Stokes inspires Celtic’s double stroll
Two assists from Irishman as Neil Lennon’s side deny Pat Fenlon and Hibs at Hampden Park
Celtic’s captain Scott Brown lifts the trophy following their Scottish Cup Final win over Hibernian at Hampden Park. Photograph: Russell Cheyne/Reuters
Celtic’s Scott Brown pulls a shirt over the head of Emilio Izaguiree after the Scottish Cup final win over Hibernian at Hampden. Photograph: Ian MacNicol/Getty Images
Lennon was so relaxed he barely wandered into his technical area, preferrring to sit back and enjoy watching Scott Brown control midfield and Anthony Stokes threaten almost every time he touched the ball.
Appropriately, Stokes created the first two goals for Gary Hooper, while Joe Ledley’s third emphasised Celtic’s almost embarrassing superiority over Pat Fenlon’s side as they won the trophy for a record 35th time.
“It feels amazing,” said Lennon. “But my players were excellent, they controlled the game and scored three very special goals. Hooper’s a master and Stokes probably had his best game in a Celtic shirt. To win the double as a player was great, to win it as a manager is just fantastic. This is a very good side and I hope they get the respect they deserve.”
Hibs last won a Scottish Cup when they beat Celtic in 1902 but hopes that 111 years of hurt might be about to end were initially high. Fraser Forster did wonderfully well to repel Eoin Doyle’s header following Ryan McGovern’s left-wing delivery and Tom Taiwo volleyed narrowly over the bar.
It was another volley, from a Celtic player this time, that broke the deadlock after only eight minutes. So brightly had Hibs begun that Lennon’s side were mounting their first real attack but Stokes crossed from the left and Hooper dodged Paul Hanlon before hooking beyond Ben Williams.
With Brown increasingly dictating midfield, Fenlon’s players were suddenly up against it. As Hooper headed Celtic two up, vivid flashbacks of last year’s 5-1 Scottish Cup final thrashing by Hearts probably intruded on the minds of those who had travelled from Edinburgh.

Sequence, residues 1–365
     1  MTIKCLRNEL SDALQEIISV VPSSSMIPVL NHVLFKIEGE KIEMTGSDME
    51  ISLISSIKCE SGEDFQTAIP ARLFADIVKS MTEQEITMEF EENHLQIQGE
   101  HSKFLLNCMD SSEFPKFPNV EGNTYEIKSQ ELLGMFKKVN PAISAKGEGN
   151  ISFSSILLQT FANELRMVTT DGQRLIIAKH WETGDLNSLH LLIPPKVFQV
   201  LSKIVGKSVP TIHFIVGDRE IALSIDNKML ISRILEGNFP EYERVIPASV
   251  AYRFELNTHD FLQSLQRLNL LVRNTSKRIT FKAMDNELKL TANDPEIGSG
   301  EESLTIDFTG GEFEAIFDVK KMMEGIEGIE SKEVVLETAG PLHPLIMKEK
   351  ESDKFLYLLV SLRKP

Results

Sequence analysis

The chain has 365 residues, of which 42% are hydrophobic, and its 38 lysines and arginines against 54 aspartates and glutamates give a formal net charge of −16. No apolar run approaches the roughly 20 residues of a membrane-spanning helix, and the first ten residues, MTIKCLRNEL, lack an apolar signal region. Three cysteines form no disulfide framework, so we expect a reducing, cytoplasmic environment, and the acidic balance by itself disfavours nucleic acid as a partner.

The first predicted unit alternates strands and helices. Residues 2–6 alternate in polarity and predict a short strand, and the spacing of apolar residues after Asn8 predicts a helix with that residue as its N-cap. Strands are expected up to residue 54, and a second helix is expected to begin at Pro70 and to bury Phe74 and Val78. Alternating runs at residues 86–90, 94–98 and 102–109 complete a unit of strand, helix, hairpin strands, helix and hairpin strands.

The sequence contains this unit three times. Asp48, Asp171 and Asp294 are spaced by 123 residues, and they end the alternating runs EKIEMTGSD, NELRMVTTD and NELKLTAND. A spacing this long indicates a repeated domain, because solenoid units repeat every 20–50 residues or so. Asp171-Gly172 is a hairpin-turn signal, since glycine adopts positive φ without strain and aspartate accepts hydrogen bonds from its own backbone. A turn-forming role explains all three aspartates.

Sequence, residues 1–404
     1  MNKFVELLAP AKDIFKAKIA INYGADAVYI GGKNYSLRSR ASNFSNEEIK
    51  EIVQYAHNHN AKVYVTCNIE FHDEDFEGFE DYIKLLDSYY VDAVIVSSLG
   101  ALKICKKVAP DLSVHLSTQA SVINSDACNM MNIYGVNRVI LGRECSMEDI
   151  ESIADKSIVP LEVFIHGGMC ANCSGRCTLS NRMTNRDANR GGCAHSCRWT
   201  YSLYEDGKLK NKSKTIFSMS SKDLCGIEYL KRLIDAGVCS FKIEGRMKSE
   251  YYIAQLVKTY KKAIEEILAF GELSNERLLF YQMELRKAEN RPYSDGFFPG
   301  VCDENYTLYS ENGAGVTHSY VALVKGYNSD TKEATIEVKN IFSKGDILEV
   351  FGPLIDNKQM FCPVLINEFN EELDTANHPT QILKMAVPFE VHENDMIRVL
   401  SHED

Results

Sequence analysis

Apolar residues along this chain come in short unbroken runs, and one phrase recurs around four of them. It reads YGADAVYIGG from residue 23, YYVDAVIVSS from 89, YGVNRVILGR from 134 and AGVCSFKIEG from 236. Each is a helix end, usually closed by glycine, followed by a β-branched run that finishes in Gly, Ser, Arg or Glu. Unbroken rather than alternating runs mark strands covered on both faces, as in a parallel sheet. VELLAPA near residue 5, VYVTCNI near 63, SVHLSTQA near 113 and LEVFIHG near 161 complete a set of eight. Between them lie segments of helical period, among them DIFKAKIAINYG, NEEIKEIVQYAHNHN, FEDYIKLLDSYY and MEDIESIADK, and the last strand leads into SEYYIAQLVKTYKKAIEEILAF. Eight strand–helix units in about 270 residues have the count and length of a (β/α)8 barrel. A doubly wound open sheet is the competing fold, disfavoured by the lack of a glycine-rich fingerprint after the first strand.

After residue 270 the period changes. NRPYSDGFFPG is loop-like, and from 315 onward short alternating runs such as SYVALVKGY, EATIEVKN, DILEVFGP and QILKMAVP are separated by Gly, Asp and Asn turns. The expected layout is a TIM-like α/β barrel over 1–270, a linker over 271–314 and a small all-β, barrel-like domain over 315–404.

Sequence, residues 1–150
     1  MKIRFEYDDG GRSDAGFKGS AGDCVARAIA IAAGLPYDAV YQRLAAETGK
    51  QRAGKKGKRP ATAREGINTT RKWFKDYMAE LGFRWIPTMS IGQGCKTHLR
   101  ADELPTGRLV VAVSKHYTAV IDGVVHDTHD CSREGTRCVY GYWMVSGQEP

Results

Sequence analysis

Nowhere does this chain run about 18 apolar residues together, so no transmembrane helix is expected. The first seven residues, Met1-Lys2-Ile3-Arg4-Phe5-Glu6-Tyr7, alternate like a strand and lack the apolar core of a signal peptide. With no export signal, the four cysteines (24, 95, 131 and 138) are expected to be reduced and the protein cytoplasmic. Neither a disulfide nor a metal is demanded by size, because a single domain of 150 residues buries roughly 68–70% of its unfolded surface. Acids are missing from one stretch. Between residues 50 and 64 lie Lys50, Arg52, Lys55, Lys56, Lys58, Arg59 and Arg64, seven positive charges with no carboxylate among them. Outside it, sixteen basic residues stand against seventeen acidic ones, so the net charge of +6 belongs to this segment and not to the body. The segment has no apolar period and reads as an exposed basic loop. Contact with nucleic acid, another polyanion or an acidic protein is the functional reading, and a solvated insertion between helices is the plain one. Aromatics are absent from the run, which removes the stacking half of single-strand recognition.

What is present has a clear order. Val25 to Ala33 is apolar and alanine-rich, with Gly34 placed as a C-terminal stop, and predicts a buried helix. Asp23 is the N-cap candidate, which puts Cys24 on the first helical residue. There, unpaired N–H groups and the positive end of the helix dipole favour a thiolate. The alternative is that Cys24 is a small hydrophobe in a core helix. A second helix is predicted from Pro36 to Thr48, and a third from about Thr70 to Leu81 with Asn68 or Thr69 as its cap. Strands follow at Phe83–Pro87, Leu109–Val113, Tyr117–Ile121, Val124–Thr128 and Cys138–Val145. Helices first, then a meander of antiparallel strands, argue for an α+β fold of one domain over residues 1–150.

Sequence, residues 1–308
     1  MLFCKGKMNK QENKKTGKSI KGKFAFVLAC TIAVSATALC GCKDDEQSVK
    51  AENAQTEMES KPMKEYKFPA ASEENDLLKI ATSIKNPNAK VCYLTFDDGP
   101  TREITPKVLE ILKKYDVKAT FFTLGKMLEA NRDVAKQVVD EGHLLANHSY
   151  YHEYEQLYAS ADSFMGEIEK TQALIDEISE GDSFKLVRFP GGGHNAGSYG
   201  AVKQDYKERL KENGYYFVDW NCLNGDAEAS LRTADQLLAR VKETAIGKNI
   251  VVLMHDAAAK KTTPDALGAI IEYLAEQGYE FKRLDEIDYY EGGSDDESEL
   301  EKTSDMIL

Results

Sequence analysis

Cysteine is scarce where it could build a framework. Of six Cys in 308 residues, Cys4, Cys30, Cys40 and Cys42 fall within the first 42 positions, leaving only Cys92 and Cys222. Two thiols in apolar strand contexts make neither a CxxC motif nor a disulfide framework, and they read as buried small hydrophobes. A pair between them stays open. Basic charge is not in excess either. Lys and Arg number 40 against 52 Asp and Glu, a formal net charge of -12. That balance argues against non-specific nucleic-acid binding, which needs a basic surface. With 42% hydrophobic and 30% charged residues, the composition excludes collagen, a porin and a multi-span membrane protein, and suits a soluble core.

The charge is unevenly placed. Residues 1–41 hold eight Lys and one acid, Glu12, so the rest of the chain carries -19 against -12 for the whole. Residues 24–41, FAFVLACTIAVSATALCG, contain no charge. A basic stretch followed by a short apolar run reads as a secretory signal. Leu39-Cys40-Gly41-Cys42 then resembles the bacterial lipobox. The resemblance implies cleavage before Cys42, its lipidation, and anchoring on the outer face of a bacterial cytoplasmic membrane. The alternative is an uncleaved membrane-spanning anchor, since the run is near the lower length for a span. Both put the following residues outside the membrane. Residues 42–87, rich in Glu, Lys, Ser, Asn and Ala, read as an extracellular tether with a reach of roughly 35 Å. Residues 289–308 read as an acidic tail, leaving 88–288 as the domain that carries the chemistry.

Once again the goal was created by a left-footed, left-wing Stokes cross. Not for the first time two of Fenlon’s defenders had been bisected by Hooper’s leap but the quality of Stokes’s dispatch – plus a subsequent right -foot shot that whizzed a yard wide – prompted thoughts of what might have been had the nights he spent at a nightclub called the Glass Spider not hastened the young forward’s departure from Roy Keane’s Sunderland.
Celtic fans were in party mode, confidently turning their backs on the action while indulging in an impromptu, highly improvisational, conga.
When Leigh Griffiths finally escaped some suffocatingly tight marking from the excellent Kelvin Wilson and friends by springing the offside trap, collecting Kevin Thomson’s pass and rounding Forster, it appeared they may have relaxed prematurely.
Although his control ultimately let him down and he shot benignly across the face of goal that little cameo possibly served as an uncomfortable reminder to those at Wolverhampton Wanderers who allowed Griffiths to spend this season on loan at Hibs.
While Wolves were relegated from the Championship the striker scored 28 goals, becoming Scotland’s “Player of the Year’.
Here, though, Griffiths, carrying a calf injury, was eclipsed by others including Ledley who drove in the third left-footed from 12 yards after Mikael Lustig’s right-wing advance left a by now bedraggled Hibs bewildered.
Disappointed, Fenlon subsequently walked out of a media inquest after taking exception to an innocuous question about his tactics.